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    Mola! Hostel

    4.3/5 (418 Reviews)
    The staff at Mola! Hostel are happy to organise tours of the city
    Courtesy of Mola! Hostel /

    One of the most popular hostels in Madrid is Mola! in Plaza de Jacinto Benavente, between the central Puerta del Sol and Lavapiés. Travellers can discover world cuisine, indie art galleries and vivid street art in this neighbourhood. The decor is modern, with a blue and white colour scheme in dorms ranging from four- to 10-bed. There is a nightly bar crawl and a spacious common area, located on the lower floors so guests upstairs can sleep peacefully. There’s also a friendly ethos and the staff are happy to organise group activities and trips if you get in touch in advance.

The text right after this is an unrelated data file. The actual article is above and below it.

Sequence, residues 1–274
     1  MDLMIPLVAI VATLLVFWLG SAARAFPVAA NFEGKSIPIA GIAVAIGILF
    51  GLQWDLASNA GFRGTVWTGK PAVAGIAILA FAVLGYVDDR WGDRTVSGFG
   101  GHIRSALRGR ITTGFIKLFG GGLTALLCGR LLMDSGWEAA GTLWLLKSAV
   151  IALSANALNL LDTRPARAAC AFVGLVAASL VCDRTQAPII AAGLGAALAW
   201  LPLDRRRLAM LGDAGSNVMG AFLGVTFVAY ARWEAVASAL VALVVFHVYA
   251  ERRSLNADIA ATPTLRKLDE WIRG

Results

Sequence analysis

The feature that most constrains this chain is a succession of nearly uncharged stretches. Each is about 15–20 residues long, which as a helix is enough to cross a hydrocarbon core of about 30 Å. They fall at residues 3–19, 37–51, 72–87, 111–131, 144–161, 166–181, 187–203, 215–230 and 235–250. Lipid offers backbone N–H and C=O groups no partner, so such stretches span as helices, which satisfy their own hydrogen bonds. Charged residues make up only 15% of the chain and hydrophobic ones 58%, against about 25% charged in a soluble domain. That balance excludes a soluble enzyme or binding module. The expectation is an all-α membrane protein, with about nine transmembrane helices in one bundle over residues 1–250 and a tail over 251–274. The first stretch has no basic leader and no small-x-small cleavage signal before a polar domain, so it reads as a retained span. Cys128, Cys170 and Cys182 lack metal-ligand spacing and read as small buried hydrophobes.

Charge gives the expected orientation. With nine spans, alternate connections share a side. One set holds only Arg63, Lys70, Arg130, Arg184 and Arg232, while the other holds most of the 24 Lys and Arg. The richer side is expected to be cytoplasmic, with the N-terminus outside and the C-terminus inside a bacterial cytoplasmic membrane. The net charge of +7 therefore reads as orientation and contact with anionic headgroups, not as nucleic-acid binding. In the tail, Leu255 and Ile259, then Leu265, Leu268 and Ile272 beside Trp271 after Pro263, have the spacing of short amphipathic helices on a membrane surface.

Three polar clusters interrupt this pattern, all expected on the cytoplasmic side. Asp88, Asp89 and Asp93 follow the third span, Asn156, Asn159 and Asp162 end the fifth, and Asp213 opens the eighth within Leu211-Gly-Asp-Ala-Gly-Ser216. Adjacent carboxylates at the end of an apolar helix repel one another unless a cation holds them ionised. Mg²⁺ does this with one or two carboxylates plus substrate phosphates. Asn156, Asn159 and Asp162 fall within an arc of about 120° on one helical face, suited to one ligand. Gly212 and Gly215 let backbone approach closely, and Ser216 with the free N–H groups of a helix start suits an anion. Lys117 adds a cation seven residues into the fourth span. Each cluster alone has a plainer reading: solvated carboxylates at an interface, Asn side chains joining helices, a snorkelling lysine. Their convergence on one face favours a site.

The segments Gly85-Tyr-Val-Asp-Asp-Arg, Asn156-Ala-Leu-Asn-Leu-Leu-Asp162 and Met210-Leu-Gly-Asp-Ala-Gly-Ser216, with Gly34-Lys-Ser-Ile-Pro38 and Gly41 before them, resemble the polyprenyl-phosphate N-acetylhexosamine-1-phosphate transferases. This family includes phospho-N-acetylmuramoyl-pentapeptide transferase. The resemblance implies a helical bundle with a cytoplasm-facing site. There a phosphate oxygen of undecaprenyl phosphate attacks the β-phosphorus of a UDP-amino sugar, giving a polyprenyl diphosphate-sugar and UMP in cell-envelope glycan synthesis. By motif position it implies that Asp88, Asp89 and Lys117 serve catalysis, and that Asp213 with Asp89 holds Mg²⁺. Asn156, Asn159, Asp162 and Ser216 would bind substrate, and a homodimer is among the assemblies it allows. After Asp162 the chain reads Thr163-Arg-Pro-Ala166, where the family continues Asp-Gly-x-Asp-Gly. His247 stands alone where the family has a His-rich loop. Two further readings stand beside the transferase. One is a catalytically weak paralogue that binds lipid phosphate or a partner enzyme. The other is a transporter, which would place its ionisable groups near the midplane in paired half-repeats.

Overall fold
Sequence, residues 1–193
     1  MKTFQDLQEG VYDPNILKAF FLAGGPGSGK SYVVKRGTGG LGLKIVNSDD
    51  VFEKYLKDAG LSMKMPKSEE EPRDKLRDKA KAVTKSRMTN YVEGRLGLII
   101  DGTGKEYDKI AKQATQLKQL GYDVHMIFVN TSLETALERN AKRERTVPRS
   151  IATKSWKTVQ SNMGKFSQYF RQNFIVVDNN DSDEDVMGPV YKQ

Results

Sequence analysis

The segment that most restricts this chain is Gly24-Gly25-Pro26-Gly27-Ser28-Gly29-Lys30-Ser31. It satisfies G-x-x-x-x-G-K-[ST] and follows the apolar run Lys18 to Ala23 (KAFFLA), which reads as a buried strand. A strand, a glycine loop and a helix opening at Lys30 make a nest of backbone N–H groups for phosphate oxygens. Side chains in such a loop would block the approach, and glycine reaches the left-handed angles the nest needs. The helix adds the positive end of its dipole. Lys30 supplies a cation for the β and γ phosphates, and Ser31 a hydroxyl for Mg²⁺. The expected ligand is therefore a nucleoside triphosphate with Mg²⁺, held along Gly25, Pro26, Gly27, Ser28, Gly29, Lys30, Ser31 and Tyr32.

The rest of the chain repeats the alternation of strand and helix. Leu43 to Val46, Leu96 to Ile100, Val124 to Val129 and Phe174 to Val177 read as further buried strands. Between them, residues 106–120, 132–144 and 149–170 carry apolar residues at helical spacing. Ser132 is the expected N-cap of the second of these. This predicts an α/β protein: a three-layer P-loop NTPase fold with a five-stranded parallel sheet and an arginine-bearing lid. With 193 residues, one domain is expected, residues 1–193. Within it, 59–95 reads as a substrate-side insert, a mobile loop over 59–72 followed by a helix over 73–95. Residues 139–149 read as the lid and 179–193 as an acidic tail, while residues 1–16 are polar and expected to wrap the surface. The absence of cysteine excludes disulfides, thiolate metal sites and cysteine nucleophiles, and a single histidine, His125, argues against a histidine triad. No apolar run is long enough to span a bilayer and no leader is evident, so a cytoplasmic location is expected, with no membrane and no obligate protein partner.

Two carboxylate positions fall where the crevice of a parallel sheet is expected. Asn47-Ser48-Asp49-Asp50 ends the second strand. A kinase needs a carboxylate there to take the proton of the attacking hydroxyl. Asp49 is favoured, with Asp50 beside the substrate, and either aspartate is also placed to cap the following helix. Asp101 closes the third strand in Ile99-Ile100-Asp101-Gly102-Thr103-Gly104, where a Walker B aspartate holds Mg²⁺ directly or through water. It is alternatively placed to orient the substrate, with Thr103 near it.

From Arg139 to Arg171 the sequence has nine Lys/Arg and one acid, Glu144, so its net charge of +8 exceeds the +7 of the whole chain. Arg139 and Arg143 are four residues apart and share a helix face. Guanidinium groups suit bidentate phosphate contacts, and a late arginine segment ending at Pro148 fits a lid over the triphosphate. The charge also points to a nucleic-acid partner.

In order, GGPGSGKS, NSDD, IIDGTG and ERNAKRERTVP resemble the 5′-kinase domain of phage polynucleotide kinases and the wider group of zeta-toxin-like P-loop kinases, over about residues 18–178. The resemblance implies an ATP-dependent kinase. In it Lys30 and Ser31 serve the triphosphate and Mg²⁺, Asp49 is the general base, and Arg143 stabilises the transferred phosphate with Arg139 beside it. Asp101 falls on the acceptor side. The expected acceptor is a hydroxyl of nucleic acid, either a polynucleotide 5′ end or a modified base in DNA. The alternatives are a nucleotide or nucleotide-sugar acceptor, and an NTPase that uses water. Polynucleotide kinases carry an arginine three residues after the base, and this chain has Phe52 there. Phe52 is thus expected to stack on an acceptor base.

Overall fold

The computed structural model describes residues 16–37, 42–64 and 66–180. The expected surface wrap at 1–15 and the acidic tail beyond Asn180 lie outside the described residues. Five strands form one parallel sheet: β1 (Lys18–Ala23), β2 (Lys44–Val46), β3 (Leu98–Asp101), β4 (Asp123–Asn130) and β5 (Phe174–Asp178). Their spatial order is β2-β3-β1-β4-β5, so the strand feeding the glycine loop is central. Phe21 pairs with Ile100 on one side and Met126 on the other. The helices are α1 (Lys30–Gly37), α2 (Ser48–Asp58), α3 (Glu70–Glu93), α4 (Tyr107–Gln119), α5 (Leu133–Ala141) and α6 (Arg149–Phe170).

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    Far Home Atocha

    4.3/5 (155 Reviews)
    Right next to Atocha station, this hostel is perfect if you want to stay in the hustle and bustle of the city
    Courtesy of Far Home Atocha /

    This hostel, part of a local chain, is handily located between Atocha station and neighbouring Paseo del Prado – home to the major art galleries in the city, including the Prado and the Reina Sofía. Rooms decorated in white with modern orange accents and wooden flooring are cosy. The hostel is well integrated into the local community and holds regular exhibitions of local artists’ work in the bar and common area. A small patio provides a shady spot for a morning coffee or an evening tipple.

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    Leon Beckenham contributed additional reporting to this article.

    These recommendations were updated on February 23, 2021 to keep your travel plans fresh.